Regenerating DBML Designer when your database changes

Here’s how to regenerate your DBML code in Visual Studio 2010 when one of your database objects changes:
1. Remove the table
2. Close the DBML designer and save
3. Re-open the DBML designer
4. Re-add the object by dragging from Server Explorer
5. Close the DBML designer and save

In finding this solution, I did find some wailing and gnashing of teeth on-line, with people expecting the DBML code to have some kind of refresh feature for automatically doing this when the database changed.

I must admit I don’t share their chagrin. I am:
* Pathetically grateful for anything that saves me not having to write a hundred lines of property let/get statements
* Impressed by the way projects that reference these objects automatically re-test for compilation as soon as you save the DBML code

Visual Studio Stops Recognising Mouse Input

The shine is starting to wear off Visual Studio 2010 Professional for me. Recently the IDE has started to hang, in a rather strange way. The code editor still appears to respond to mouse events, but nothing actually happens. E.g. you can highlight some code, right mouse click and choose copy from the context menu, but then when you come to paste, nothing happens. Or you’ve been coding away, and you see the file name has an asterisk against it, so you hit ‘Control+S’ to save, but nothing happens. And the only way you can save your changes is by closing the file – at this point VS prompts you if you want to save.

This seems to be something that others have noticed, certainly in the Beta:

One of the tips is to uncheck the ‘Enable the Visual Studio hosting process’ checkbox in Project Properties > Debug pane – and this seems to have fixed it for me.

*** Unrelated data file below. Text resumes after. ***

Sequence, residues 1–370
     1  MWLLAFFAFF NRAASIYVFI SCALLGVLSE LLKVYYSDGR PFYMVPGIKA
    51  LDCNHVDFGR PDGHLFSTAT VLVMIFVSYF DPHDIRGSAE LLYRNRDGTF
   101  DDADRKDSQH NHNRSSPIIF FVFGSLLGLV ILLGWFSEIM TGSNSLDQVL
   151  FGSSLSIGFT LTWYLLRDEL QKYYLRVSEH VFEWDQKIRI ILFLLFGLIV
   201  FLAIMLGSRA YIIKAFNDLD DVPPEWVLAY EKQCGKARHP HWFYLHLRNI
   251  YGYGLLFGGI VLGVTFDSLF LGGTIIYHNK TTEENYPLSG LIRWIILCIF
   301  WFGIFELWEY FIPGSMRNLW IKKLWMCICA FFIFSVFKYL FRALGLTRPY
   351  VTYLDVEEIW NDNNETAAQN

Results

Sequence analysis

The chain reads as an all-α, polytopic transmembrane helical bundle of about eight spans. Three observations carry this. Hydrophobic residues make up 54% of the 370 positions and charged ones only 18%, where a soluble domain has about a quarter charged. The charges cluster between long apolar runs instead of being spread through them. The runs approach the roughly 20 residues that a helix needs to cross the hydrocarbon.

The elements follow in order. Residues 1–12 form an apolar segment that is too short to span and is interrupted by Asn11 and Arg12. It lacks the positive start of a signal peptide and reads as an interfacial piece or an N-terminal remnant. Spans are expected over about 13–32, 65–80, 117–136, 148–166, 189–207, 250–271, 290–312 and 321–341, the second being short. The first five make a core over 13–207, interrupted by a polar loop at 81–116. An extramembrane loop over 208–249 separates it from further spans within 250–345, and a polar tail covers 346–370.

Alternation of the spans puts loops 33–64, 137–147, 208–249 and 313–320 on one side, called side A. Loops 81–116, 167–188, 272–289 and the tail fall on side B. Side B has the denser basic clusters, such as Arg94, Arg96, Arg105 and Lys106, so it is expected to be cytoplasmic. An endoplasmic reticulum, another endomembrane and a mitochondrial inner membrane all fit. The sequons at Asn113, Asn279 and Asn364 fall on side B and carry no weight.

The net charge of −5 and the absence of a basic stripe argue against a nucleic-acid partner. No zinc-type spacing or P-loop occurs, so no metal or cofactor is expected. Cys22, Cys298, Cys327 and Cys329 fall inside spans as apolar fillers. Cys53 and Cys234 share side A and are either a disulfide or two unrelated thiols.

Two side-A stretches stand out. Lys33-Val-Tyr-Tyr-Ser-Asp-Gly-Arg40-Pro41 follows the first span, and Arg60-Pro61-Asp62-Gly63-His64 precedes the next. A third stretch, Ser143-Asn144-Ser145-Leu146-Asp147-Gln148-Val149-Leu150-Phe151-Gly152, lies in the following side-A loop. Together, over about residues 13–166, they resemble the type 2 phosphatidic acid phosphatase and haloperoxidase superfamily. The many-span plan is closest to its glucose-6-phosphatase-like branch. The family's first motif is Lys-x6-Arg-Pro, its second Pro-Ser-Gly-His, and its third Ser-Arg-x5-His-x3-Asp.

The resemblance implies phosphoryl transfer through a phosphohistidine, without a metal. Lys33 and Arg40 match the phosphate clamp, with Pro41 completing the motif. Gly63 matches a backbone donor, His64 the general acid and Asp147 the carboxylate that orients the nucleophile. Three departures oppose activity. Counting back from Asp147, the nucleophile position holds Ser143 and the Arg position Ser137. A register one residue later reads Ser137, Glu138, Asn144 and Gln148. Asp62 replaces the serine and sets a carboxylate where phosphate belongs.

This is not very impressive. I’ve used all of the previous .NET editions of Visual Studio, and never seen this kind of stuff before.

DevExpress DXGrid for WPF and Visual Studio Express

Turns out that the DevExpress installer does not integrate DXGrid with Express editions of Visual Studio. Solution is:

1.Manually add references for following assemblies:

2. Manually add namespace to XAML:

You can then add your element as usual.

DevExpress Support also say that you can manually add the following assemblies to the Toolbox to achieve designer support, but that didn’t work for me:
C:Program FilesDevExpress 2009.2ComponentsSourcesDevExpress.DLLDevExpress.Wpf.Editors.v9.2.dll
C:Program FilesDevExpress 2009.2ComponentsSourcesDevExpress.DLLDevExpress.Wpf.Grid.v9.2.dll

Tip: Shared Assembly Attribute File

When you on a solution with several assmblies in .NET, you’ll find yourself maintaining multiple copies of AssemlyInfo.cs, each of which contain a lot of common attributes such as:

You may also wish to make AssemblyVersion uniform accross your build.

A useful technique in this situation is the following:
1. Copy the common attributes out into a new file, called something like ‘GlobalAssemblyInfo.cs’
2. Delete these common attributes from the original AssemblyInfo.cs files
3. Save your GlobalAssemblyInfo.cs file somewhere useful, e.g. in the same folder as your solution file
4. In each project, add GlobalAssmblyInfo.cs through the IDE as a linked file, rather than a straight addition.

Breakpoint conditions

Just started using these in a large project I am maintaining – very useful for working with event sinks that get called every time *anything* happens.

School boy error for the day was thinking in VB rather than C# for my loop condition: ‘i=6’ has changed rather than ‘i==6’ has changed
Assignment never changes, as I found, waiting in vain for my debug window to appear!